The dramatic mountain which dominates this painting rises out of the mist, placing the foreground path and distant peaks in perspective. Specific motifs, such as the flock of geese at the right, the temple nestled in mountain peaks, and the moon at the left, are references to a famous Chinese poetic theme of the Eight Views at the Confluence of the Xiao and Xiang Rivers, the most common subject of medieval Japanese ink painting. This scroll has many characteristics of the early style of Sesson Shūkei (1504 – c. 1589), suggesting it was done by one of his followers around 1540. These include the peculiar arc of the waterfall; the hunched figures with featureless, pointed faces; and the long, jagged outlines of the mountains, their surfaces textured by short, nailhead strokes and diagonally applied ink washes.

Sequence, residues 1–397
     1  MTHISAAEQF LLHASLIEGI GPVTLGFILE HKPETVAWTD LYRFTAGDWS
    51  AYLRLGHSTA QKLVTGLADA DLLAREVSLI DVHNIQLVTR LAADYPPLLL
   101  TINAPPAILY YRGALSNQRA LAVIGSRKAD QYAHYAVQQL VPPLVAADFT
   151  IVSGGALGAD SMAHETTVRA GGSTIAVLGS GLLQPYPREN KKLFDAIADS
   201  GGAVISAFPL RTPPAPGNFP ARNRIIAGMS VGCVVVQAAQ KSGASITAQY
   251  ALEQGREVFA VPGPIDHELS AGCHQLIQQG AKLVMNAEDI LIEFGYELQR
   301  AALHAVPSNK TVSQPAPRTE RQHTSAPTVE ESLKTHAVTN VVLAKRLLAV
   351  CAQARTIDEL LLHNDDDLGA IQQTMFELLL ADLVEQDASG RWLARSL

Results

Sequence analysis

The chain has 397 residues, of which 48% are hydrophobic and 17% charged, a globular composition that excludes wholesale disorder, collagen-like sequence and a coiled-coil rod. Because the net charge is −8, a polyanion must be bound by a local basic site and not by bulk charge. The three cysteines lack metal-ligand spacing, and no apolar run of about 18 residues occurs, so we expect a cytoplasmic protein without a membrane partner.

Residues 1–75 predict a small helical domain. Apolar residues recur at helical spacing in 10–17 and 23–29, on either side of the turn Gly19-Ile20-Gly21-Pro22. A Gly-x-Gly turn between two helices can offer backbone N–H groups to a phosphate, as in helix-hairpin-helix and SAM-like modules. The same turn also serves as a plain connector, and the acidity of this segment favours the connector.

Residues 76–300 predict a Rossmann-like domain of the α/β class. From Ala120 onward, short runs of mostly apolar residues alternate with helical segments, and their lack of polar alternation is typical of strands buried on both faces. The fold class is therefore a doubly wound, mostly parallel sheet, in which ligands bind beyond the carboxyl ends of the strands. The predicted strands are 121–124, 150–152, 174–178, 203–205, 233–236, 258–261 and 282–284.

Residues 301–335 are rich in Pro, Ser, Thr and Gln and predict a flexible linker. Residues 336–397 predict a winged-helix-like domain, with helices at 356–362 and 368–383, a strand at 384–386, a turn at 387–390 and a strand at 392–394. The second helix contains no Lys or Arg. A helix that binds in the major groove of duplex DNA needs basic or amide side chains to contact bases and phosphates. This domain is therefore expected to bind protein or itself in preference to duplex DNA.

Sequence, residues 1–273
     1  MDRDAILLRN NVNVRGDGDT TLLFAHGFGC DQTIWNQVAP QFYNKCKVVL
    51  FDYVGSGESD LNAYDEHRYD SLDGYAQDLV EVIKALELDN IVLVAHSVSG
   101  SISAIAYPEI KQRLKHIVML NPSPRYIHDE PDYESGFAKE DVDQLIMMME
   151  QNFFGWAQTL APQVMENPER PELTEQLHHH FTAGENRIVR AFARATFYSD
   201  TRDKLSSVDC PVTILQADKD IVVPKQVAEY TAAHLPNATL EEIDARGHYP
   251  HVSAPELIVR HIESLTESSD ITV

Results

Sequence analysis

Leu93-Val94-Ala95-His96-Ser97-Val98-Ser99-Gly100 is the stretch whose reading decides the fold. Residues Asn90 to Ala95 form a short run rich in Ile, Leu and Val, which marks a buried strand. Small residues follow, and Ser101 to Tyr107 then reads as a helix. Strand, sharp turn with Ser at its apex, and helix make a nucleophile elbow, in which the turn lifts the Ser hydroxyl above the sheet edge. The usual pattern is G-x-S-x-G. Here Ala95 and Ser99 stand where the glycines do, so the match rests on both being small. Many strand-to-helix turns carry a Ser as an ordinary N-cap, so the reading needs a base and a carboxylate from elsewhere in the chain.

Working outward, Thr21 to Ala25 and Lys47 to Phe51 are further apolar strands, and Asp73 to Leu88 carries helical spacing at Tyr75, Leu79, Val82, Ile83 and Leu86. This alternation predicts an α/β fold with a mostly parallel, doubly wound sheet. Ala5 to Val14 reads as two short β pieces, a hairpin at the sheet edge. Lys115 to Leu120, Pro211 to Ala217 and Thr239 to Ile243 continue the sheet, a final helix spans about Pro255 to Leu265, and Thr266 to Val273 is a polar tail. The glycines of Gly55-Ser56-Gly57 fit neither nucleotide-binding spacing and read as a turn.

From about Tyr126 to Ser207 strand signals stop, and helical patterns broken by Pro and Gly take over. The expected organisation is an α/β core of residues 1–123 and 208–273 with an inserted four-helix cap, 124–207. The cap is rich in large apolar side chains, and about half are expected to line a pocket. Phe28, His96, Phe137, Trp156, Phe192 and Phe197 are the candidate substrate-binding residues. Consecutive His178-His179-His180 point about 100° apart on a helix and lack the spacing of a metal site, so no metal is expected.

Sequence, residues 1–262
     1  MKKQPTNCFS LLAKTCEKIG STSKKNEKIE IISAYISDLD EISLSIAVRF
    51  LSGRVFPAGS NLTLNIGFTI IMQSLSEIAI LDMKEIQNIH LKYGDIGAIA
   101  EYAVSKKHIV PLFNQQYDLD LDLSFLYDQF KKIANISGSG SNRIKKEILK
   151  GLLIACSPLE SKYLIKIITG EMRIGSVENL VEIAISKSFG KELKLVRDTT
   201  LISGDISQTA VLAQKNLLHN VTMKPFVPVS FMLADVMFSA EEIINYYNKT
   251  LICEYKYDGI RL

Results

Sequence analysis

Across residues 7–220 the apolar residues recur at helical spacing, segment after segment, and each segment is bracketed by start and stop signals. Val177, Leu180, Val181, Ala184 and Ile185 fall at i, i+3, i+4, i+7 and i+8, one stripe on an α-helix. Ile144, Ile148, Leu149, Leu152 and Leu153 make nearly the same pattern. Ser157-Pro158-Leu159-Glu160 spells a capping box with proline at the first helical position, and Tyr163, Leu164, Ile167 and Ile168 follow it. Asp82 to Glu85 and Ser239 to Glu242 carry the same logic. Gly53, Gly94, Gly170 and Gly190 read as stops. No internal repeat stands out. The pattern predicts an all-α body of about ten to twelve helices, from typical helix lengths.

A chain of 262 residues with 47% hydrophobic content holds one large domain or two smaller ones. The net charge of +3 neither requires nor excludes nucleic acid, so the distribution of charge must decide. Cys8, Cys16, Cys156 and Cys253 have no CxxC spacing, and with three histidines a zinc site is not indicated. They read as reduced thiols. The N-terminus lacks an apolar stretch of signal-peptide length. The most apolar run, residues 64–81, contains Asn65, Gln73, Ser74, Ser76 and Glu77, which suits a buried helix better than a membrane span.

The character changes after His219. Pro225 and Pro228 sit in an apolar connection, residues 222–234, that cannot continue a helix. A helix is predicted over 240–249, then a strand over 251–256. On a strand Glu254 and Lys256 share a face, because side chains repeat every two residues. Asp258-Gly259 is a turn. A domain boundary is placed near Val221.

Baron Koyata Iwasaki, Tokyo;
S. Kumita, Tokyo;
Baron Fukuoka Kotei;
(N.V. Hammer, Inc., New York);
purchased by Kimbell Art Foundation, Fort Worth, 1969.